The church is made up of individuals who are called out of the world and sin and are called to live for Christ and in righteousness. The church, therefore, is under no obligation to follow the trends of the world nor to conform to the world, but to be separate and set apart for Christ. In 1 Timothy 3:15 Paul writing to Timothy says, “but if I am delayed, I write so that you may know how you ought to conduct yourself in the house of God, which is the church of the living God, the pillar and ground of the truth.” The church is the pillar and ground of truth, and as such the church is more than capable of making decisions without the world’s suggestions or dictates.
The second part of the word church (Ekklesia) is an assembly. Assembly means, “a group of people gathered together in one place for a common purpose.” Remember the church is not a building or a service, but the church is bound by the laws of nature on this earth and must have a shared physical location as a shared time in order to meet this definition. Many people during the COVID-19 debacle have tried to redefine what assembly means by saying you can tune into church. If we are to live within the bounds of the laws of nature and agree that words do in fact have meanings, then we cannot get around the truth that churches, by definition, must assemble physically.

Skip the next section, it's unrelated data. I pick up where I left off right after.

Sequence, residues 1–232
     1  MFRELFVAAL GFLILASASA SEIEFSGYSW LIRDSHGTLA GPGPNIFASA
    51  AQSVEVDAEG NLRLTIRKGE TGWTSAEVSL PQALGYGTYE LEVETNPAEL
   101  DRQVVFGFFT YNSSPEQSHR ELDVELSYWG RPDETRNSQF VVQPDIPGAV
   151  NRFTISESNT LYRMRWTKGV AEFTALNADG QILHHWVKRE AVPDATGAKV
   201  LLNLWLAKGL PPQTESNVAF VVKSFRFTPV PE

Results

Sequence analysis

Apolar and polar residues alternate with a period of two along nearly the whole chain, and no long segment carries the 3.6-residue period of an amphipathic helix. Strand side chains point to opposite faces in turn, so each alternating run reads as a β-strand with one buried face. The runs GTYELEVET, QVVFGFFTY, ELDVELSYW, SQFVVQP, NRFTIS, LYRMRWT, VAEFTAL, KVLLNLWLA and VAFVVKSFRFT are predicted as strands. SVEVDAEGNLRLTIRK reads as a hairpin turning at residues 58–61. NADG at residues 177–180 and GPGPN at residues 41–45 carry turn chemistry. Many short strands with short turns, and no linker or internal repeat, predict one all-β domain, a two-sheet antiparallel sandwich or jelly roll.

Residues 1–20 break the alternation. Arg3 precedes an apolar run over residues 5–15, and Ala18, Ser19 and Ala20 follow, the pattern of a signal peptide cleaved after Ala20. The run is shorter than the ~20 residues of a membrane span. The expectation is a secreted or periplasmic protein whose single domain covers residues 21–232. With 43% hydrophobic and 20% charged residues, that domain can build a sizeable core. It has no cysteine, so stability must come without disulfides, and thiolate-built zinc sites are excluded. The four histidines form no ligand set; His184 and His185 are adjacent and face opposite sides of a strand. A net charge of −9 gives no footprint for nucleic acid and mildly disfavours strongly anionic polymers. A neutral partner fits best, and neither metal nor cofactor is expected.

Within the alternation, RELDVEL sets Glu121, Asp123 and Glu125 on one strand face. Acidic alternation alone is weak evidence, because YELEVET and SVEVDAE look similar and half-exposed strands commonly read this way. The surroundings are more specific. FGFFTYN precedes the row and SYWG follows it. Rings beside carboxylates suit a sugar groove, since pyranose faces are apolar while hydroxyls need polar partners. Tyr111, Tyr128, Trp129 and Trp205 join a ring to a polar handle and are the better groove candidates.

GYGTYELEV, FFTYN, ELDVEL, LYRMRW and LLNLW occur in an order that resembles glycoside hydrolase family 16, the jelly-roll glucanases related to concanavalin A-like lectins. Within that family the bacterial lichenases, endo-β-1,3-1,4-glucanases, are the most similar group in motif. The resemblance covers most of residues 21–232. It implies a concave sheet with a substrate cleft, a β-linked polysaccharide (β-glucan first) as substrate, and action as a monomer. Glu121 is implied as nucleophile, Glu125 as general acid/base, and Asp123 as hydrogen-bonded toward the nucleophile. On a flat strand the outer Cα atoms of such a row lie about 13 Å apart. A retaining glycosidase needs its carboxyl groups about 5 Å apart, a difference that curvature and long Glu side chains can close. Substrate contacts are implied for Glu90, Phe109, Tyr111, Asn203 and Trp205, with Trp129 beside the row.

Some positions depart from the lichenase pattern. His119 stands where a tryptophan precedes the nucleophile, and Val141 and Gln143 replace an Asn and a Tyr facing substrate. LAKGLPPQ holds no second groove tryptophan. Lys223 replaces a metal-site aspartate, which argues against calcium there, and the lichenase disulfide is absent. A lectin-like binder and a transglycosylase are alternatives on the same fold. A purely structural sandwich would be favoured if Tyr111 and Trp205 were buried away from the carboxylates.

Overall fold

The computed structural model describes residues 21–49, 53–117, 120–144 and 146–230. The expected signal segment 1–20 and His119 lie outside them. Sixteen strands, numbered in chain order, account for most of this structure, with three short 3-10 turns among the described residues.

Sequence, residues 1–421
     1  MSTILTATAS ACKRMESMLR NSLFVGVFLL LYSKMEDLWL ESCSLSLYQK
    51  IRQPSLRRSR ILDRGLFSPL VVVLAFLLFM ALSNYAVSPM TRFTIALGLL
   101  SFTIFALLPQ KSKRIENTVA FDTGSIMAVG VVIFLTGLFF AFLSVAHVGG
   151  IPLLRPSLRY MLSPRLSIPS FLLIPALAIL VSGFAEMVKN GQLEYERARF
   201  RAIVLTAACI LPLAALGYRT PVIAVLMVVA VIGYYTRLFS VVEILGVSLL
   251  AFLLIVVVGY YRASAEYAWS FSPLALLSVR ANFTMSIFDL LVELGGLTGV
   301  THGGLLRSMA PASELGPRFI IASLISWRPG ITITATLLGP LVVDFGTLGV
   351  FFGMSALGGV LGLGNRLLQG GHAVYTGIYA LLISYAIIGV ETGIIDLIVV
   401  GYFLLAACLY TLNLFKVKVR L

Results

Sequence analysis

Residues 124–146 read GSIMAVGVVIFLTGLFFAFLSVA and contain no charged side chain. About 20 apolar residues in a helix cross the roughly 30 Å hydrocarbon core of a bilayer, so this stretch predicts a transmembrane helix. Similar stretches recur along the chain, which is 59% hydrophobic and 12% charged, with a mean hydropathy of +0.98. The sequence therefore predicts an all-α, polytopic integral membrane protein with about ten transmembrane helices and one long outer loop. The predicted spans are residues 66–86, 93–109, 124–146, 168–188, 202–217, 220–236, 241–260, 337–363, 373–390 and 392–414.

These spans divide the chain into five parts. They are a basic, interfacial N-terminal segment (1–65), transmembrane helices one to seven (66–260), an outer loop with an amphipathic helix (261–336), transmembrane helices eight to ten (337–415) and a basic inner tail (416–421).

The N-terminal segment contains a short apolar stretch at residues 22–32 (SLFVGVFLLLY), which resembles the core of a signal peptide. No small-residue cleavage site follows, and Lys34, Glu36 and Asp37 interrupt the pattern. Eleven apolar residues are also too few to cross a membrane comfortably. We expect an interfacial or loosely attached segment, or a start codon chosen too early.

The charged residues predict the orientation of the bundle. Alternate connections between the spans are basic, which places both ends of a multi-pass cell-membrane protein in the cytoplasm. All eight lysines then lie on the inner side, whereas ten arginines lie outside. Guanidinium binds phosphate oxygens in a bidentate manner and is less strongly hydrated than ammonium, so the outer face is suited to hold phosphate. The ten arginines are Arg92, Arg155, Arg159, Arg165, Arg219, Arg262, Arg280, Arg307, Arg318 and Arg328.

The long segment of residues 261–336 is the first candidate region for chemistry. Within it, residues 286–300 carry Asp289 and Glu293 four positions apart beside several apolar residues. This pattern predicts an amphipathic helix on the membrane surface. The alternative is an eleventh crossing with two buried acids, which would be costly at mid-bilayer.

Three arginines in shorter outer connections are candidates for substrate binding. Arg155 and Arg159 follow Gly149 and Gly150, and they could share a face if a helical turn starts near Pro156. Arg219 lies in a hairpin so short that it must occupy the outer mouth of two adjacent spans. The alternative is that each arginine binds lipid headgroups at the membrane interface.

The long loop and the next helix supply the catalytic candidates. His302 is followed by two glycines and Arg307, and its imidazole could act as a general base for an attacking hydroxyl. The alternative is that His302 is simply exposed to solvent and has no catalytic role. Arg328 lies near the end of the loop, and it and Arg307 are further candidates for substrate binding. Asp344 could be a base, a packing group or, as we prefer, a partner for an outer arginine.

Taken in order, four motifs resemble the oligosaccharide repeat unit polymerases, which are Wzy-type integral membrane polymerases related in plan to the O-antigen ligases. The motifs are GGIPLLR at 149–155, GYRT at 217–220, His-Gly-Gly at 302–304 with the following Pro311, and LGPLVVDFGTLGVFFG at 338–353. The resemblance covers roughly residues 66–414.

I do want to make a quick note to another reason the internet is not qualified to be the church. An assembly is not just shared space and time, it is a shared purpose. This is even more true of church. The internet is a battlefield, on Easter Sunday we had someone heckling Christ and making fun of the resurrection in the comments on our live stream. Let me tell you what would happen if someone did that during a service at our church, I would tell them to leave and then some of the men in our church would help that person find the door. That isn’t because I don’t love the hecklers, it is because church is a holy place and of common purpose. The internet is full of trolls. Don’t misunderstand me, the internet is a useful tool (I use it all the time), but it is not capable of replacing the physical gathering of the church.